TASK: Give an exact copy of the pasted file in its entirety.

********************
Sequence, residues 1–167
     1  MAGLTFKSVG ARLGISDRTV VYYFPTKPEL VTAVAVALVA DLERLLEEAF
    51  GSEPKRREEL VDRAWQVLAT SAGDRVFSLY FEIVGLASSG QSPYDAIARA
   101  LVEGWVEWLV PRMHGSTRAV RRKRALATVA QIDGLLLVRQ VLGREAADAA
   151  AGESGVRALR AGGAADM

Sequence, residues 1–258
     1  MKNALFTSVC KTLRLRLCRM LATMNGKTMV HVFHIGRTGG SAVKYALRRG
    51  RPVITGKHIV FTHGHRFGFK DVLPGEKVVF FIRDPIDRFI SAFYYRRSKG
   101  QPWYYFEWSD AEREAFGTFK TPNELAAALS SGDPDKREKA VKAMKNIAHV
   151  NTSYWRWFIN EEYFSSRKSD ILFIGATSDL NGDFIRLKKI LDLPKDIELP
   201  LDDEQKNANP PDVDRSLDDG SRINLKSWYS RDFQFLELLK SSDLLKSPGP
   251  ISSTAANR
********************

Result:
Sequence, residues 1–167
     1  MAGLTFKSVG ARLGISDRTV VYYFPTKPEL VTAVAVALVA DLERLLEEAF
    51  GSEPKRREEL VDRAWQVLAT SAGDRVFSLY FEIVGLASSG QSPYDAIARA
   101  LVEGWVEWLV PRMHGSTRAV RRKRALATVA QIDGLLLVRQ VLGREAADAA
   151  AGESGVRALR AGGAADM

Sequence, residues 1–258
     1  MKNALFTSVC KTLRLRLCRM LATMNGKTMV HVFHIGRTGG SAVKYALRRG
    51  RPVITGKHIV FTHGHRFGFK DVLPGEKVVF FIRDPIDRFI SAFYYRRSKG
   101  QPWYYFEWSD AEREAFGTFK TPNELAAALS SGDPDKREKA VKAMKNIAHV
   151  NTSYWRWFIN EEYFSSRKSD ILFIGATSDL NGDFIRLKKI LDLPKDIELP
   201  LDDEQKNANP PDVDRSLDDG SRINLKSWYS RDFQFLELLK SSDLLKSPGP
   251  ISSTAANR